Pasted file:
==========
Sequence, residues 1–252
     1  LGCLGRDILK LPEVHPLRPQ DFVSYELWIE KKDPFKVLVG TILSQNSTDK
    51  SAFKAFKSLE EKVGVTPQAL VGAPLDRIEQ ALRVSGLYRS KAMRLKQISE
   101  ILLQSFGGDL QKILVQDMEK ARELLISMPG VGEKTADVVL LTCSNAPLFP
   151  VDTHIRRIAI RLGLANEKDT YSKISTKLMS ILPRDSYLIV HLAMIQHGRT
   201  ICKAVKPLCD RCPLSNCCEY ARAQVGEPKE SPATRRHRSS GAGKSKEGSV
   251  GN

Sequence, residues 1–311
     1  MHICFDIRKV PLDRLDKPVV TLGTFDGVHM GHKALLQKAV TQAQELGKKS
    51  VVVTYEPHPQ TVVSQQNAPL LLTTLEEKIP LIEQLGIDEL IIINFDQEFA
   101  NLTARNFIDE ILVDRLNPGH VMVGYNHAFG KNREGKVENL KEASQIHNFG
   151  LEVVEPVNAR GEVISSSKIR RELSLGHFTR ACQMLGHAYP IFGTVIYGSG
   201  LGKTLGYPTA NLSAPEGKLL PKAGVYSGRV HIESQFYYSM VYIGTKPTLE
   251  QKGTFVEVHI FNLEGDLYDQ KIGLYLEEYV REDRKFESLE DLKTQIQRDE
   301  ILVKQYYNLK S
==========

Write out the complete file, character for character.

Sequence, residues 1–252
     1  LGCLGRDILK LPEVHPLRPQ DFVSYELWIE KKDPFKVLVG TILSQNSTDK
    51  SAFKAFKSLE EKVGVTPQAL VGAPLDRIEQ ALRVSGLYRS KAMRLKQISE
   101  ILLQSFGGDL QKILVQDMEK ARELLISMPG VGEKTADVVL LTCSNAPLFP
   151  VDTHIRRIAI RLGLANEKDT YSKISTKLMS ILPRDSYLIV HLAMIQHGRT
   201  ICKAVKPLCD RCPLSNCCEY ARAQVGEPKE SPATRRHRSS GAGKSKEGSV
   251  GN

Sequence, residues 1–311
     1  MHICFDIRKV PLDRLDKPVV TLGTFDGVHM GHKALLQKAV TQAQELGKKS
    51  VVVTYEPHPQ TVVSQQNAPL LLTTLEEKIP LIEQLGIDEL IIINFDQEFA
   101  NLTARNFIDE ILVDRLNPGH VMVGYNHAFG KNREGKVENL KEASQIHNFG
   151  LEVVEPVNAR GEVISSSKIR RELSLGHFTR ACQMLGHAYP IFGTVIYGSG
   201  LGKTLGYPTA NLSAPEGKLL PKAGVYSGRV HIESQFYYSM VYIGTKPTLE
   251  QKGTFVEVHI FNLEGDLYDQ KIGLYLEEYV REDRKFESLE DLKTQIQRDE
   301  ILVKQYYNLK S